Despite the rise in popularity of tattoos and the glamorisation of tattoo artists, there is still a certain degree of negativity that accompanies the art form. I can even speak from experience as someone who writes about tattoo, that when I talk to people about my work they don’t really understand what there possibly could be to say about it. Tattoo for most people is nothing more than putting ink on skin, right? Wrong. If there’s one thing I’ve learned in the years that I’ve spent writing about this topic, it’s that tattoo is such a multi-dimensional art form. There is the art itself, which varies greatly from artist to artist, the community that the craft builds and strengthens and the artists themselves as individuals who regularly exceed expectations of what tattooists should be.
Here at Tattoo Blog, I’ve given numerous examples over the years of tattoo artists with heart, who perform selfless acts that touch the lives of one or more people at a time. I want to make it known that if you’ve ever disputed the generosity or humanity that can exist in the tattoo community, all you need to do is go through the blog posts on this site and it won’t be long before you see something that changes your mind. Of course, I’m not foolish enough to paint all tattooists with the same brush and try to say that everyone is the same, but I know a good thing when I see one and I know that tattoo retains a strong and tight knit community atmosphere.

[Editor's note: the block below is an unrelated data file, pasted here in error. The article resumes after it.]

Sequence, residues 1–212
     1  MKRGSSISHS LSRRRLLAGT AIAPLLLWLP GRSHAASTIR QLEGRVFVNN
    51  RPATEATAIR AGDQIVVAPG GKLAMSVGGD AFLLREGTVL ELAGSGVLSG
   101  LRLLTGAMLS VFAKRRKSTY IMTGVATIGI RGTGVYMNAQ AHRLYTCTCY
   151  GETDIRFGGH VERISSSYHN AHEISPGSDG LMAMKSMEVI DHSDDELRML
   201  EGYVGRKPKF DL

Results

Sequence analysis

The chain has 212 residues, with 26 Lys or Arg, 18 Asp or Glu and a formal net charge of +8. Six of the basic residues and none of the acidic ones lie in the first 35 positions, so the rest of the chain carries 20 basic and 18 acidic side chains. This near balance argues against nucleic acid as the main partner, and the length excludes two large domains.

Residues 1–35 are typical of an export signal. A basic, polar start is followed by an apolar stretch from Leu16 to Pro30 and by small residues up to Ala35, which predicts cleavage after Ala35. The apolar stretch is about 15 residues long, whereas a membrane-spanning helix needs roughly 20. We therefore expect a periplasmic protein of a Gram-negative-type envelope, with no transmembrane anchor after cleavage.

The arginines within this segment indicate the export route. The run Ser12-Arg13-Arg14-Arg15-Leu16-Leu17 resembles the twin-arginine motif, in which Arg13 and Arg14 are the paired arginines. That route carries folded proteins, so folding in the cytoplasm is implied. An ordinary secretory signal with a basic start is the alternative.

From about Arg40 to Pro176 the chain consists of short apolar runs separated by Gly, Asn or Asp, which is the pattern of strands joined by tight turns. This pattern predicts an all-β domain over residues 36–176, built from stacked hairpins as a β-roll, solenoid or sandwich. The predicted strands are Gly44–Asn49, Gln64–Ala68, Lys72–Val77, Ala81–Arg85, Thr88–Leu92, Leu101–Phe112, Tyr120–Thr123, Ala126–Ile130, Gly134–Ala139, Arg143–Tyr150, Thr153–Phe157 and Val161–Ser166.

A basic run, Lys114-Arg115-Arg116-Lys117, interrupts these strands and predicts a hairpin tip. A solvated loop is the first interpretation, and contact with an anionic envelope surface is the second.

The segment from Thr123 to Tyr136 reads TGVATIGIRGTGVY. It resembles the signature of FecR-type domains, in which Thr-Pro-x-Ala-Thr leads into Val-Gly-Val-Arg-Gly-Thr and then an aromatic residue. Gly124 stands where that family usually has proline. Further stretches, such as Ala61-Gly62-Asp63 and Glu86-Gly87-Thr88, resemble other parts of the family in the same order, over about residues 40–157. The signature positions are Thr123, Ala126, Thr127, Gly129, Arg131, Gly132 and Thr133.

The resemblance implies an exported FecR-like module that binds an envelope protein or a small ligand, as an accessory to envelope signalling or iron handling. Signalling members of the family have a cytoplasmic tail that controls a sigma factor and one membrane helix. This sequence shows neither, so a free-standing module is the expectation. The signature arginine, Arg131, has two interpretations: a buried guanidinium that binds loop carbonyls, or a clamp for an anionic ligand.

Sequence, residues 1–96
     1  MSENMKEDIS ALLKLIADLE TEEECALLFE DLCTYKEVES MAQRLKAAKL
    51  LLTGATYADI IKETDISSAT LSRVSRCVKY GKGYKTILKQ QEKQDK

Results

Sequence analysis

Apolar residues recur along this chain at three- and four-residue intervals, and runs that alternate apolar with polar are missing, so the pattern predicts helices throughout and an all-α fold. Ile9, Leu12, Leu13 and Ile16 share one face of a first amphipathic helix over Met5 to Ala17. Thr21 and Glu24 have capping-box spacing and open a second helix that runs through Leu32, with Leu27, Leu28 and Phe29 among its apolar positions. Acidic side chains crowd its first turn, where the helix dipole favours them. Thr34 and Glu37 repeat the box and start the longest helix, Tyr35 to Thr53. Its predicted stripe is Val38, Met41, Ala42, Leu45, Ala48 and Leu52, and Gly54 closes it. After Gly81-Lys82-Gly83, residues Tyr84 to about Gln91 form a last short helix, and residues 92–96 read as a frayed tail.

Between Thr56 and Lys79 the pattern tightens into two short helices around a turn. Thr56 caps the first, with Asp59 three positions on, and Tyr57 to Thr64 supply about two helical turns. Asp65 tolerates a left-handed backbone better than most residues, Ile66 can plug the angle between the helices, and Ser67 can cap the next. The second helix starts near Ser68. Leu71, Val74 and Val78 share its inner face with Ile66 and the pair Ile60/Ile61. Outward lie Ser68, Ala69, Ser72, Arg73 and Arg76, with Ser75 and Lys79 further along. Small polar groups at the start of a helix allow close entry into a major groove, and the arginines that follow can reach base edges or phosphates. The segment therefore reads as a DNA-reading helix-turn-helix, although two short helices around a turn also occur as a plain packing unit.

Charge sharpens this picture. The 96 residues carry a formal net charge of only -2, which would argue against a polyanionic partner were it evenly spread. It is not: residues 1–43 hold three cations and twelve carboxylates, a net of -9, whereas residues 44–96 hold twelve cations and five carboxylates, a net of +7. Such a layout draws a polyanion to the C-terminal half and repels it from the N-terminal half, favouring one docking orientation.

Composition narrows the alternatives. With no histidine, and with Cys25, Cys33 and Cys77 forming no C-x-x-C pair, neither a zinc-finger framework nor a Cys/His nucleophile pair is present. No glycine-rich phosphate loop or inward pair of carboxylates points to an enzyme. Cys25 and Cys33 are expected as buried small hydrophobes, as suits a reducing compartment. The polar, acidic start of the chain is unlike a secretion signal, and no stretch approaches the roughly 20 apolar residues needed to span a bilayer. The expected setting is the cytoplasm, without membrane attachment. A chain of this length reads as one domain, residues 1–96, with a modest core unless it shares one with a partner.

So it is with this somewhat heavy introduction (sorry about that – once you get me started…) that I would like to present yet another kind hearted tattooist. Jason Ward lives and works in New Zealand and tattoos at a studio called Muscle and Ink. For the past three months, he has had a recurring customer in Suzie, a woman with Down syndrome who brings in temporary tattoos for Ward to apply.
‘The first time she came in, she walked up to the desk, put her things on the desk, and said ‘put these on my arm.’
Ward doesn’t mind doing it and he obviously does not charge her for the effort. He adds that if Suzie were a member of his own family and had been turned away from another tattoo studio he would be angry. So now every Friday like clockwork, Suzie turns up to get her tattoos put on. The temporary tattoos are usually Maori designs.
Nice guy, huh? Like Ward says, Why would you say no?